Unlike John Curry, who was inspired to take up the sport after seeing an ice show on television, outside influences brought Torvill and Dean to the ageing Nottingham Ice Stadium in Lower Parliament Street near the city centre. Jaynes school had a programme in which pupils were taken to the rink. She was nearly ten and hated putting on the ugly, black, worn rental skates.
She pestered her parents, who run a small newsagents shop, to buy her a pair of second-hand skates. With this precious acquisition and a private lesson a week, Jayne was hooked.
Chris stepmother pointed him on the path which was to bring him world-wide fame. She bought him a pair of new skates and took him to the rink hoping that this would provide the ten-year-old with an interest to keep him off the streets and out of mischief after school. At first Mrs Dean would stay with him at the rink. The first time she left him on his own she returned to be greeted by the news that he was at hospital. He had skated into the rink barrier and broken a leg. I just forgot to stop, Chris said when asked how the accident had occurred.
For most children that accident would have meant the swift end of their skating career. Betty Dean certainly would have preferred him to take up something less risky. However, by this time Chris was committed. Almost immediately the cast came off he passed his preliminary test, though one of the three judges pointed out he appeared a little stiff on one side. Chris was so promising that when his father, an electrician, was laid off work due to a strike, his first instructress, Pat Beet, approached his parents offering to accept delayed payment so that Chris would not have to miss any lessons.
Initially Jayne and Chris were teamed with different partners and both couples were very successful. Jayne, knowing that she had taken up the sport a little late to do well as a singles skater, was fearless and determined in lifts with a very fallible partner, Michael Hutchinson. They won the British junior pair title and represented Britain in the St Gervais Grand Prix in France and the Nebelhorn Trophy in Oberstdorf in southern Germany. Then, when she was fourteen, they won the British senior pair title. However, a few weeks later, having been placed last in the European Pair Championship in Goteborg, the partnership split.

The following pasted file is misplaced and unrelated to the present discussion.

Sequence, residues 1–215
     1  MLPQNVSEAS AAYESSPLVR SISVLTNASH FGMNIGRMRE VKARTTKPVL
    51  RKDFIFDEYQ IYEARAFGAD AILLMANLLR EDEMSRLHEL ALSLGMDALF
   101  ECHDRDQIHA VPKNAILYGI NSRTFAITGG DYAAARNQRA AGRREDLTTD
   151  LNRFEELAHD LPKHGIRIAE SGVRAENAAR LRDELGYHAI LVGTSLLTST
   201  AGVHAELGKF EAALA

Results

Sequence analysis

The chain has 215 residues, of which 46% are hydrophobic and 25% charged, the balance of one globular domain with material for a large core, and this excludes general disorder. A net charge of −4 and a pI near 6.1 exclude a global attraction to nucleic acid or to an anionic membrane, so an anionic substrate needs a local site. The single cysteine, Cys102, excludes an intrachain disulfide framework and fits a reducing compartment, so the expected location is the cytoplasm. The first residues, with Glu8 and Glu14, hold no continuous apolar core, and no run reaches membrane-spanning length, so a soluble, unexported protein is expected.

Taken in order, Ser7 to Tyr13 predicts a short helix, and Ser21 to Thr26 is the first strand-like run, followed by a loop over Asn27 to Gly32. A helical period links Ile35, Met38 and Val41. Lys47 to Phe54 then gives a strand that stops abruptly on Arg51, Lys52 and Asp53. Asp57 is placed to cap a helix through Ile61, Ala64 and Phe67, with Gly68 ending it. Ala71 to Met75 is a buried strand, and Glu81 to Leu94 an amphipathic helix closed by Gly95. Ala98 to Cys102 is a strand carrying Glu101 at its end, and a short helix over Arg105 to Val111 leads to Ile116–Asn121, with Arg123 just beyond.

Nottingham is the centre of British ice dancing. The national championships have been held there since 1951. It is impossible for anyone to skate at this rink without being influenced by ice dancing and this was the direction Chris chose. He teamed with the tall Sandra Elson.
Sandra and Chris won the 1972 British novice championship, a remarkable achievement since they managed to fall in two of the three compulsory dances. At this stage Sandra was distinctly the better technician. A photograph taken the following year shows a rather podgy Chris in a very bad position on the back edge after the Foxtrot outside mohawk. However, Sandras excellent presence on the ice enabled them to gain fifth place in the British junior championship only slightly behind Nicky Slater and his first partner, Kathryn Winter. Nicky would never have believed that Chris, carried as he then was by Sandras abilities, would later overtake him and that he himself would become a perennial second-place competitor. In 1974 they won the British junior title and were selected for their first international, in Czechoslovakia. They nearly didnt take part: there was a problem in obtaining Chris visa, possibly because he had become a police cadet.